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post #1 of 5 (permalink) Old 08-04-09, 05:14 PM Thread Starter
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Default The Writer's Circle – Week #9 [Software On The Cheap]

The Writer's Circle – Week #9 [Software On The Cheap]

Hello everyone! And thanks for stopping by for Week #9 of the Writer's Circle “Software On The Cheap.” If you've ever been interested in writing software to help you write your stories, this is the article you should read. What would you expect to pay for writing software that comes with an exorbitant amount of features, an easy user interface, and are available for use on many different OS's. I'm gonna guess you'd pay quite a bit, if you bought from the box. But what if I told you that you can get all of the software you would ever need, cheaper than you would pay at a major chain store, on the Interwebs for a really good price? What if they were free?

Well they are. And the article for this week gives a comprehensive run-down of the best software available online right now. Written by Scott Rhoades, this article appeared in the May 2009 issue of The Writer magazine. Lets get started shall we!

Great Software That Won't Cost You a Dime
and you don't have to be a techie to put these applications to work
By: Scott Rhoades

Quote:
Whether you're a seasoned techie or a reluctant newbie, you can use your computer to manage your writing projects like a pro, from inception to submission. Free professional-grade software can help you capture that first flash in you mind, plan you work, write it, share drafts with your writing group, and submit your beautifully crafted prose so that the rest of us can enjoy it.

Building your software toolkit can easily cost you more than most writers make in a year. If you know where to look, however, you can find everything you need without spending a cent.

This article introduces seven free applications that work on Windows, and sometimes on other platforms. And while you do have to read the instructions carefully, you do not have to be a geek or technical guru to use them.

PLAN YOUR PROJECT

FreeMind
http://freemind.sourceforge.net/wiki....php/Main_Page
(Windows, Mac OS X, Linux)

In Plot & Structure, James Scott Bell recommends mind-mapping as a way to tap your creativity. If you're not sure how mind-mapping works, visit the Mind Map Library at www.mappio.com for some fun examples. (And see the article about using mind-mapping to develop personal essays in the March 2009 issue of The Writer.)

Even if you don't have a story yet, FreeMind can help you find one. Start with a word that means something to you, then write down connections and associations. Before long, you'll probably have several ideas.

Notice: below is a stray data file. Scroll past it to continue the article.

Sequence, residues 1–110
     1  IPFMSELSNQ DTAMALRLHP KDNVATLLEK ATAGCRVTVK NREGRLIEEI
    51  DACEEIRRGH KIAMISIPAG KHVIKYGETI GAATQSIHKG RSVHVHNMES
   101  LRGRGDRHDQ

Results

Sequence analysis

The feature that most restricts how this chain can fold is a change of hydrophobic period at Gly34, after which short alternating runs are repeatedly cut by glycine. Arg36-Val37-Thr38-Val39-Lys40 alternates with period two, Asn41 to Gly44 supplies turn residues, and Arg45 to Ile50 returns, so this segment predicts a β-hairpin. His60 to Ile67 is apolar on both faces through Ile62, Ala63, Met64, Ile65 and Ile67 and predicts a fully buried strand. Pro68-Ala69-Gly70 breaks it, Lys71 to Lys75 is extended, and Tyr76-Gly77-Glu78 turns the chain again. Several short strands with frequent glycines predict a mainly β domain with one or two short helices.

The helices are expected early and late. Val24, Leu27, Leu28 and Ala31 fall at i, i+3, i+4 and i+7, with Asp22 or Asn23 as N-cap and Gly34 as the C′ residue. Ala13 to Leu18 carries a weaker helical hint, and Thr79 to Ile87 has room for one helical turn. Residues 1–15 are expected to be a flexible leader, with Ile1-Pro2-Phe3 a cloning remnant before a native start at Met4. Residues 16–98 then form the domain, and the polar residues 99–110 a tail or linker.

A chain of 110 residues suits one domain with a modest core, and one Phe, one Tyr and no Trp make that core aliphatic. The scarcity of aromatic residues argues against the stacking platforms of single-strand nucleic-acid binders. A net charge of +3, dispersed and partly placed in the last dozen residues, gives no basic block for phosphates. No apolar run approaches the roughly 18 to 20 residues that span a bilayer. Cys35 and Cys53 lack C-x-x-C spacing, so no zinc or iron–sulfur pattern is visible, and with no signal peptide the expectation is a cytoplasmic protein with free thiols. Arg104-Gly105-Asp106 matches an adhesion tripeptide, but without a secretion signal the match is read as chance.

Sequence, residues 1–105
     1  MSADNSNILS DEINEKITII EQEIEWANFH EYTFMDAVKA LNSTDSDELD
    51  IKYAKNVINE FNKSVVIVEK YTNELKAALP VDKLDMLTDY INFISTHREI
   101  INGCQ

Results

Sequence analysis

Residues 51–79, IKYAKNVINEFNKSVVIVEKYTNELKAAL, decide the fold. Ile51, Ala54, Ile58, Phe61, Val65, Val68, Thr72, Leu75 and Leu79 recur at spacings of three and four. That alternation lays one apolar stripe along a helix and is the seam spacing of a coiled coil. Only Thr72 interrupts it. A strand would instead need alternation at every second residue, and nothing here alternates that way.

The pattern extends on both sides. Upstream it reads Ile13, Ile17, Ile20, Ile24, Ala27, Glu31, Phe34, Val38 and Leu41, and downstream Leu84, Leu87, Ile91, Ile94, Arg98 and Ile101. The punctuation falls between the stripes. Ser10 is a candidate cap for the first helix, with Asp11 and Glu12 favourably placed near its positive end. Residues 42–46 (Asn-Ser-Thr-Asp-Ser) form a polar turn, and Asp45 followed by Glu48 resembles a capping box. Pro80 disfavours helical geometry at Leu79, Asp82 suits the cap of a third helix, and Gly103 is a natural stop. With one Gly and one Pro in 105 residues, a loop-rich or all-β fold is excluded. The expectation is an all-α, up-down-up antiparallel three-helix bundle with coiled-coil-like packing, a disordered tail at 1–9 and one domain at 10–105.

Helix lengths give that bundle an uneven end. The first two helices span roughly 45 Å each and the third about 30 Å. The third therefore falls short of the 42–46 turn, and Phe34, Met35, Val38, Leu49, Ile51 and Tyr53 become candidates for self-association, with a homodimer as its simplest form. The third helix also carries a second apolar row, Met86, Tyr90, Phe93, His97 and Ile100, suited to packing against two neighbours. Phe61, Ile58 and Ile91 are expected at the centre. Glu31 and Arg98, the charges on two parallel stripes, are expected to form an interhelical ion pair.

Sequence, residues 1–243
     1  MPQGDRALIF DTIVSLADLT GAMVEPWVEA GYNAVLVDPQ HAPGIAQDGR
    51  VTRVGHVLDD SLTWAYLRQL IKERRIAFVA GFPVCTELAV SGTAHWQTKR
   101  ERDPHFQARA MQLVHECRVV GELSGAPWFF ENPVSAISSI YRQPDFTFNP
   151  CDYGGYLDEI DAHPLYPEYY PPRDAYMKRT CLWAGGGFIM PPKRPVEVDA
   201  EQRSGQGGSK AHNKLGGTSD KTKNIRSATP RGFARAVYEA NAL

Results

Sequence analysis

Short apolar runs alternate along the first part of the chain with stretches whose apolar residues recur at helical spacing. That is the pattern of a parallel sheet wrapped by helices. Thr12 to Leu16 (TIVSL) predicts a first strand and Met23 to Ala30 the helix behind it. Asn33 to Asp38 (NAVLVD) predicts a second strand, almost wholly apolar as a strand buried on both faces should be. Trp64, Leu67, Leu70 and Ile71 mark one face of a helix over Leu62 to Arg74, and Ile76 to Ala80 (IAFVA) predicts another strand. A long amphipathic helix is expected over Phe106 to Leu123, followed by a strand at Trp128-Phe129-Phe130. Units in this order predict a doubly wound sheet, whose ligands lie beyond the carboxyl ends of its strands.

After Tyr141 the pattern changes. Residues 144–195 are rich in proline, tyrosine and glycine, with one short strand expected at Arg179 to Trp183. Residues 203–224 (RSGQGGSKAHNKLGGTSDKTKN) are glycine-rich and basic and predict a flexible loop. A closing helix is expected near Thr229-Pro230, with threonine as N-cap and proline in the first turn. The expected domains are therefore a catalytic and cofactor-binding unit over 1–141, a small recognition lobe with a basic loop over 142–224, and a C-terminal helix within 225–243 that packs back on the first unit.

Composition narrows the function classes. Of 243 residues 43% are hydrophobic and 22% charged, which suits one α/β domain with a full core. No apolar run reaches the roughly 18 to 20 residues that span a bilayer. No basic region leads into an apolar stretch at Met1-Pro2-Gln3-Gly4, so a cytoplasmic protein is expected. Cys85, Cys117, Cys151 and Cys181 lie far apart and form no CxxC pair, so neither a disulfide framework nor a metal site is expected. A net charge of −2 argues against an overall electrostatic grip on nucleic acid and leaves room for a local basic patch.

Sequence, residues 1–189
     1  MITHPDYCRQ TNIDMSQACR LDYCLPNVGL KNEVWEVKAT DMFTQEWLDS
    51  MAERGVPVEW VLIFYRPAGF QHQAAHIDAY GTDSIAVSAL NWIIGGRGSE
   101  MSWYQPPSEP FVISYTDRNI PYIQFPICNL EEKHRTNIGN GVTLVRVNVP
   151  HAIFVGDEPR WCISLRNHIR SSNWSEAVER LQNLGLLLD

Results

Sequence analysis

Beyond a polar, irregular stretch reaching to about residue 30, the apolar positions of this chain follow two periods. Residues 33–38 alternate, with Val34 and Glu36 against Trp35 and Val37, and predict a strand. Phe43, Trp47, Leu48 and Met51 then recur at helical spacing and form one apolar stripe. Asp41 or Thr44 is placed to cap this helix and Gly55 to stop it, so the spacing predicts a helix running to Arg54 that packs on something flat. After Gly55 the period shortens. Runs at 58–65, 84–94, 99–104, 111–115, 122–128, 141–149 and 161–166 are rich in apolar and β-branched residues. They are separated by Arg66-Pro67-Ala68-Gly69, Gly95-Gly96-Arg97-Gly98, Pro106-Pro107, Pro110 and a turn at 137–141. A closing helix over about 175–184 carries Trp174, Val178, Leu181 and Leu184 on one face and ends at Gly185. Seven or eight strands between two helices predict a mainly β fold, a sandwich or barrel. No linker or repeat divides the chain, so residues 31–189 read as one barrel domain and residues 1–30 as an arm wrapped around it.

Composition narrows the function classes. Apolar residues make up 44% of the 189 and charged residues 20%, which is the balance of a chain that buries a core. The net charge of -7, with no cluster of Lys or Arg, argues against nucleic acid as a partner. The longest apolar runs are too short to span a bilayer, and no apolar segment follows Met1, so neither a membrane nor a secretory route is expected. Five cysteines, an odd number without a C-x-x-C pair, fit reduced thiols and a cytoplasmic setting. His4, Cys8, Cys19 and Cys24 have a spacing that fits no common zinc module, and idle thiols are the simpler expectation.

You can use FreeMind to storyboard your plot, plan your characters, and think through troublesome parts of the story. I even used it to help plan this article.

KeyNote
www.sourceforge.net/projects/keynote
(Windows)

I bet you have stacks of notes on your desk, notebooks with pictures and bits of paper jammed between the pages, and dozens of bookmarks in your Internet browser.

You can use KeyNote to place your notes, pictures, Web links, and all that other stuff scattered all over your hard disk into a single computerized notebook. KeyNote can help you plan your work, or even write first drafts of your scenes. When done planning, you can easily export your notes to a word processor.

Although it's starting to show its age, KeyNote is my favorite of several similar programs. If you want notebook software that is newer or that runs on your Mac, search for “tabbed notebook” to find something that meets your needs.

yWriter
www.spacejock.com/yWriter5.html
(Windows)

yWriter developer, writer Simon Haynes, calls his creation a “word processor for authors.” Although it can be used for writing your novel, I find it most useful in the planning stages because it forces me to think in scenes.

yWriter makes you consider what your characters do and why they do it, as well as the conflict and the outcome of each scene. You can plan your characters and view a storyboard of your scenes, organized by viewpoint. You can even set up yWriter to slap yourself on the virtual wrist when you write those troublesome words you always overuse.

Plot-development software can easily set you back a couple of hundred bucks ['quid' for those of you across the pond -CP] or more. When it comes to plotting your scenes and sketching that first draft, yWriter is all you need, and it's free.

KEEP REVISION NOTES TOGETHER

Stickies
www.zhornsoftware.co.uk/stickies
(Windows)

You're a writer. That means your desk and monitor (and probably your walls, your keyboard, and maybe your cat) are covered with sticky notes. You probably have so many that you no longer notice them. They've become part of the scenery in your work area.